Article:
Q: You’ve mentioned a few things that you’re working on now at the Lab. Tell me more about those projects.

A: There are two things that I’ve been giving most of my attention to. One is the high-throughput project on team performance, thinking about our data models. These models integrate data from all of the different aspects of our experiment across a huge experiment design space to understand how our results vary across the space. We’ve been thinking about how we can efficiently use information from one point in the design space to make predictions about outcomes at another point in the design space, and to identify the most informative next experiment.

The other project that I’m just starting is a study of small-group deliberation. In some ways, it’s a continuation of my thesis work, looking at how conflict forms in groups. There’s a lot of research that says that when you have a small group deliberating a contentious topic, you should use a particular intervention or structure to help them succeed. But other people come along and say, “well actually, this is the sort of intervention that you want.” Unsurprisingly, the right intervention depends on the type of deliberation, and the type of group, and the context in which they’re deliberating, so you can’t just find one answer—you need to find a map over some large-dimensional space to find out which regions are most supported by one particular intervention and which regions are better supported by some other intervention.


Q: Tell me more about your work on group deliberation. What’s your vision for how it will pan out?

A: We’re working with a huge space. We’re going to have to do thousands of experiments—more than any one lab can do—so we need a way of integrating knowledge from across a lot of different teams. Our team at the Lab will start to build some machinery and infrastructure for conducting deliberation experiments at scale, but we’re only going to get so far with that. The hope is that, eventually, we can invite other researchers working in this space to take advantage of the tools we’ve built and collaborate to create a shared dataset that we can all use. Even further down the road, I’d like to open the platform to participants from the outside world—so a community group could have a meeting using our tools, and they would get the benefit of the best science we have on how to support the needs of their particular deliberation, and we’d get the benefit of learning from their experience. That could really help us get the density of samples we will need to map the space well and be useful to people.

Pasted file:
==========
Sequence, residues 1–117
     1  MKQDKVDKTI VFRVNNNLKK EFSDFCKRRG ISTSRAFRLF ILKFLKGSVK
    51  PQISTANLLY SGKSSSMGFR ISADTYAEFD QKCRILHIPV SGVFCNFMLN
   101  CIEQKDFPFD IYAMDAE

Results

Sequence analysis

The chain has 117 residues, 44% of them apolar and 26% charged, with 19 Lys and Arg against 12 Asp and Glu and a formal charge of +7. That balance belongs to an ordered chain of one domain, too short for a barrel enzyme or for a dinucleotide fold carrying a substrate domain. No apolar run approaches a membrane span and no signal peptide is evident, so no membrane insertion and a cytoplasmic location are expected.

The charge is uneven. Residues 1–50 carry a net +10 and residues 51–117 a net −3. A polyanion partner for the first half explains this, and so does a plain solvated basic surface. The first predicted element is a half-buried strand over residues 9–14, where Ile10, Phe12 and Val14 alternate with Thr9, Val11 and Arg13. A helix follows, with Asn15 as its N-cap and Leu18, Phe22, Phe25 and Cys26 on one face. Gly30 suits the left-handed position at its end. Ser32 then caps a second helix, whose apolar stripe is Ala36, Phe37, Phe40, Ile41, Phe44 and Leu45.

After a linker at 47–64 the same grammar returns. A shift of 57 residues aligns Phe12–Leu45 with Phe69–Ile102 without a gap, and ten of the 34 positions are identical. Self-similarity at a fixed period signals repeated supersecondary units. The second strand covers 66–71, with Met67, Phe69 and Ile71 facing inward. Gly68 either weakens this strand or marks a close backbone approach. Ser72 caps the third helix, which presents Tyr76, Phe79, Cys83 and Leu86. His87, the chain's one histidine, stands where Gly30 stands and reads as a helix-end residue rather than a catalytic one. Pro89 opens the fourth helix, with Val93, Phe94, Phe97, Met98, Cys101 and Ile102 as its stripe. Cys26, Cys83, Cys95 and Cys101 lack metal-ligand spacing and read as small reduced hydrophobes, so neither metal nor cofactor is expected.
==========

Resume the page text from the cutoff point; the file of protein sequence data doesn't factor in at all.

We’re starting with relatively unopinionated models of how different interventions vary across the design space. Our hope is to map how the interventions and the features of the design space relate to each other given the data. But there are a lot of pieces that go into that, in terms of serving the experiments, creating models that can integrate all the data in a way that allows us to make predictions about what we should try next, trying the next high-leverage samples, and constructing the groups that we’d need to do that. We’re always learning and figuring out what we need to study next in order to learn best. In that way, it’s a bit like being back in the aerospace lab; it reminds me of being entirely surrounded by simulations and using our models to think about what we’re doing in the lab and then using the lab to update our models.

We ran our first test last week, and my hope is that we’re going to keep up a weekly development cycle, running tests frequently to learn how to conduct these experiments and how to build infrastructure that works at scale. From there, we’ll slowly build up our cadence so that we’re taking tens to hundreds of samples per week and consistently integrating data and making new predictions.


Q: What sets this project apart from other social science research?

A: Normally, a social scientist might spend a year deciding on which experiment to run based on theoretical assumptions, picking a particular operationalization of their research question, designing a single experiment, collecting the data in a short burst, and then analyzing and publishing it. Our plan is to never really stop taking data, which is a very different approach from how we normally do things in social science research.